Interestingly, the 4 hard multiphonics I put in weren’t hard for everyone – but the results ended up being a lot more scattered, like for multiphonic #105:

Screen Shot 2018-09-12 at 17.17.23.png

Much thanks goes to the 36 clarinetists who kindly took the time to fill out the form and play through a rather large number of multiphonics (some of my favourite players are on this list — if this list, composers, doesn’t leave you feeling excited about new music for clarinet and all those who are dedicated to it, nothing will!). With links to their websites, and in no particular order, thanks goes to Andy Mellor, Jena Nahnsen, Jason Alder, Markus Wenninger, Alastair Penman, Tom Ward, Michael Perrett, Alexander Wravitz, Melissa Goodchild, David Ciucevich, Elizabeth Millar, Bret Pimentel, Ethan LaRoux, Alex Ward, Matthew Jansen, Gregory Oakes, Vicki Hallett, Shawn Earle, Karlo Margetic, Paul Roe, Nelson Malleus, Caleb Rose, Rane Moore, Laurence Scott, Jack Liang, Patrick Englert, and Natasha Chong. (If you think you’re missing off this list, let me know – if you didn’t put your full name on the chart, I didn’t list it!)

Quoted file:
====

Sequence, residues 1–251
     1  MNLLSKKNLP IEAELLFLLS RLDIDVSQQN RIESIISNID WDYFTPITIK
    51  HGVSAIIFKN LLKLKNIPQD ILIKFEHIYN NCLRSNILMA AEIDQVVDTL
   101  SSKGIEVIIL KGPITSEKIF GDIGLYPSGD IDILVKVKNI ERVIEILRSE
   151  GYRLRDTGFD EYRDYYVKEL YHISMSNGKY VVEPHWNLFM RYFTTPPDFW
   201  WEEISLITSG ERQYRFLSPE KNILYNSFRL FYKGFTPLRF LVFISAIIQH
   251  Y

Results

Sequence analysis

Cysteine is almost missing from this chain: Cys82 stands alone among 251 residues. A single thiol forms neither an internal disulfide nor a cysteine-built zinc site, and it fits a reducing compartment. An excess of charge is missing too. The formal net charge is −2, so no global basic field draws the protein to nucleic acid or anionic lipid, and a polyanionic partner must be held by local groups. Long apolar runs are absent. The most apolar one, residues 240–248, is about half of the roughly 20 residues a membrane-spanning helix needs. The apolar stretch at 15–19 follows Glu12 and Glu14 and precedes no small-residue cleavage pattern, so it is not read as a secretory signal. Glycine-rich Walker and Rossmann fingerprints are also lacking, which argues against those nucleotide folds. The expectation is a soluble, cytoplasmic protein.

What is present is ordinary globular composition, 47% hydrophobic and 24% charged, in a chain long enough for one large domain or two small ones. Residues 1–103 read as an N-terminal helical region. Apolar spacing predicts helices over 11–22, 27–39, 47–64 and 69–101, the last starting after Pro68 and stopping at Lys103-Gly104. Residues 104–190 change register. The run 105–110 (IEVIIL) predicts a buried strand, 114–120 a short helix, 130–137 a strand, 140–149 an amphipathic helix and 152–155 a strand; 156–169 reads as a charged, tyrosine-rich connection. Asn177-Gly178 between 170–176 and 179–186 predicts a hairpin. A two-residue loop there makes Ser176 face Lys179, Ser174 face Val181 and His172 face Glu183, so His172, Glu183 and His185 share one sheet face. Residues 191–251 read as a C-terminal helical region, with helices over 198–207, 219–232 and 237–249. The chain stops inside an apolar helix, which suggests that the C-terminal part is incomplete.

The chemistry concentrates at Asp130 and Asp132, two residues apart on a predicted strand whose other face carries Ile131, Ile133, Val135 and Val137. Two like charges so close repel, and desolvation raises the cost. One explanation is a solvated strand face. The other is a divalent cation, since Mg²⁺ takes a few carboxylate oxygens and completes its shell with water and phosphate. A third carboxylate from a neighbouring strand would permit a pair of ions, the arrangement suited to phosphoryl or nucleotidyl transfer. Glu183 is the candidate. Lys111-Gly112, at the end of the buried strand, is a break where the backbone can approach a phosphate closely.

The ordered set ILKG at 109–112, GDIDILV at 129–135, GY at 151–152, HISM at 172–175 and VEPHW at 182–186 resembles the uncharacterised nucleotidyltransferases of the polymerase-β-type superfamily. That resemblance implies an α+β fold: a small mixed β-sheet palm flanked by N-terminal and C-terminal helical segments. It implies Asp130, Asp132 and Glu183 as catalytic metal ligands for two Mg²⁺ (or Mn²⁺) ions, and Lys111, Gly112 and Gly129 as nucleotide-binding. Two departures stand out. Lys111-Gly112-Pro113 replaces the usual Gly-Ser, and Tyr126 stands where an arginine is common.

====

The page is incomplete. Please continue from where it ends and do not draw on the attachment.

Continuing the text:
Quite a few of the respondents also offered some great advice in their comments:

  • If you’re having a hard time producing one, it could be worth trying a different reed.
  • Another tip is to first play the top and bottom pitches of each multiphonic, so that you have a clear sense of the sound you’re aiming to produce
  • Using multiphonics is a great way to teach young players breath support, embouchure and oral cavity shaping (and these 27 will hopefully be a great place to start!).

A few people have flagged the question of clarinet make, and whether you play a Buffet, Selmer, or Leblanc will make a difference. I — perhaps foolishly — didn’t collect any data on this. Make probably does make a difference, but I suspect not in the case of the multiphonics I’m publishing today, since the success rate for different players was in general fairly high. (Obviously these are all intended for Boehm-system clarinets, as is everything on my website.) Perhaps this is a good area for future research!

A few people flagged up a couple of these as not having the right pitches – thanks to those that took the time to do this, as I’ve fixed the three here that were just a result of my own errors.

Right, on to the charts.

The super easy multiphonics (over 90%):

# Pitch/Fingering Audio
92 easy 92
153 easy 153
173 easy 92

The very easy multiphonics (over 80%):

# Pitch/Fingering Audio
12 easy 92
28 easy 92
94 easy 92
111 easy 92
115 easy 92
145 easy 92
203 easy 92
205 easy 92
226 easy 92

The easy multiphonics (over 60%):

# Pitch/Fingering Audio
13 easy 92
24 easy 92
29 easy 92
53 easy 92
77 easy 92
78 easy 92
82 easy 92
84 easy 84
99 easy 92
121 easy 92
139 easy 92
147 easy 92
194 easy 194
202 easy 92
204 easy 92